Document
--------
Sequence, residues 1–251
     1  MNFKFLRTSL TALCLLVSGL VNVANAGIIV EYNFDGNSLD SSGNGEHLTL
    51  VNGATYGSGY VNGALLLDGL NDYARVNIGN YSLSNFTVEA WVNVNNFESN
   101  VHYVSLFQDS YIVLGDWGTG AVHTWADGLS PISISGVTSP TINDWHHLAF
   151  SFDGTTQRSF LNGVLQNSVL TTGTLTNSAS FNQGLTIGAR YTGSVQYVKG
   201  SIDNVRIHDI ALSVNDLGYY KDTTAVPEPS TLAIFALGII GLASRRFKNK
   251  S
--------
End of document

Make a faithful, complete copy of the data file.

Sequence, residues 1–251
     1  MNFKFLRTSL TALCLLVSGL VNVANAGIIV EYNFDGNSLD SSGNGEHLTL
    51  VNGATYGSGY VNGALLLDGL NDYARVNIGN YSLSNFTVEA WVNVNNFESN
   101  VHYVSLFQDS YIVLGDWGTG AVHTWADGLS PISISGVTSP TINDWHHLAF
   151  SFDGTTQRSF LNGVLQNSVL TTGTLTNSAS FNQGLTIGAR YTGSVQYVKG
   201  SIDNVRIHDI ALSVNDLGYY KDTTAVPEPS TLAIFALGII GLASRRFKNK
   251  S